What's our problem?

I met the other day with curators of the county's Natural History Museum who are working on a long-term exhibit that will try to explain (in multiple dimensions) what Los Angeles means. They have a big problem. And they know it.

Los Angeles has been summed up in marketing slogans and real estate sales pitches since the late 1870s. But what L.A. might actually mean to the millions who live here has become more and more elusive.

I'm not sure I had anything useable say. The curators had already talked to the real experts on Los Angeles (their numbers grow each year). They had already tried on brisk, inclusive phrases suitable for a banner to go over the exhibition entrance. I gathered from their perplexity that nothing had fit exactly. Los Angeles: city of _________. The blanks still remained to be filled in.

I suspect that part of the problem - a part the curators had already considered and set aside, for now - is the difficulty Angeleños have in calling this place home.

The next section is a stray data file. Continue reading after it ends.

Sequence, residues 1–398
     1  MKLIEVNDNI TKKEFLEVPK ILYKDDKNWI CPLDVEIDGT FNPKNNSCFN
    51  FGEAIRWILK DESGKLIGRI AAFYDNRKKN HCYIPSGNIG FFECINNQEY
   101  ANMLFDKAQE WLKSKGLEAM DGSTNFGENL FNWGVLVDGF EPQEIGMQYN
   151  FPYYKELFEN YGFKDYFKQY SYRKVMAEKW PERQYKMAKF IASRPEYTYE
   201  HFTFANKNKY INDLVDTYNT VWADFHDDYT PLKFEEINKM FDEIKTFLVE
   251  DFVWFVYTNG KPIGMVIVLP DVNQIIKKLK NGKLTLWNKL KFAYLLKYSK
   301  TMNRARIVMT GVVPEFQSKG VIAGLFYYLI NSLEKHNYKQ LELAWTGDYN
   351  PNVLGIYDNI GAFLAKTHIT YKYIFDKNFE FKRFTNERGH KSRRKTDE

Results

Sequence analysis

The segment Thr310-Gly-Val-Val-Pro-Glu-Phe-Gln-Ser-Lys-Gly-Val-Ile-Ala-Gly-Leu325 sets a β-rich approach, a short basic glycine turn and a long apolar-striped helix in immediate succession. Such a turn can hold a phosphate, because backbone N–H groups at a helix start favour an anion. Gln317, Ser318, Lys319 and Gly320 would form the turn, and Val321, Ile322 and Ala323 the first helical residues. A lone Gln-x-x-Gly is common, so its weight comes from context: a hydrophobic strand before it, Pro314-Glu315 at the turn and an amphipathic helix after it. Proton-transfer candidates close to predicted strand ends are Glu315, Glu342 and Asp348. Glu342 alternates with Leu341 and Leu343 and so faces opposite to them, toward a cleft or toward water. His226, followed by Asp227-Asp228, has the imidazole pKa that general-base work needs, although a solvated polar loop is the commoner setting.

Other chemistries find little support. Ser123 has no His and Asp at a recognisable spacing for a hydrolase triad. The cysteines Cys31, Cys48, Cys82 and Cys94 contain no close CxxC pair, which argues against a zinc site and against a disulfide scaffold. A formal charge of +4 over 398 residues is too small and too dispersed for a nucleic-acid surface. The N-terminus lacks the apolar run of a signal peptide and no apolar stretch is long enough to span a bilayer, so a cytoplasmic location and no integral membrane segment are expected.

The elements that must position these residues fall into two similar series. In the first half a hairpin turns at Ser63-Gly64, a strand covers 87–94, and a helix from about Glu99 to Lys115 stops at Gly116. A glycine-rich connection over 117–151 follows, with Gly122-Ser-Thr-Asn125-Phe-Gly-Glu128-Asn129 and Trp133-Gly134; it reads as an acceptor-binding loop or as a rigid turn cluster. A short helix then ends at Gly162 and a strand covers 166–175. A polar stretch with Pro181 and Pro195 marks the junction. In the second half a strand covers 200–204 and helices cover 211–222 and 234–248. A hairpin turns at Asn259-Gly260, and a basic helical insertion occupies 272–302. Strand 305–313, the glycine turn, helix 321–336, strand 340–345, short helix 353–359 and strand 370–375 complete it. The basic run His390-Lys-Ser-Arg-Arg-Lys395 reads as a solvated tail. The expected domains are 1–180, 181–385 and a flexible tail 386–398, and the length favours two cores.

As we continued over lunch, the idea of home, of being settled, dropped out of the conversation in favor of metaphors for Los Angeles attached to movement - movement along edges, across boundaries, or through intersections.

I got a lift back to the Blue Line station at Grand Avenue and thought about where our coversation had begun and then trailed off. I went back home.

I presume that we long for a home here, probably because that's what I want. I know we depend on our place, but so many dislike its claims on us. And no place in Los Angeles is ultimately immune from the peculiarly American certainty that something better is just beyond the next block.

We are not at home in Los Angeles - too many of us aren't, anyway - and the consequences are more profound than the quandary the curators face in assembling five or six ways of looking at Los Angeles.

The image on this page was taken by Flickr user Kansas Sebastian. It is used under a Creative Commons License.

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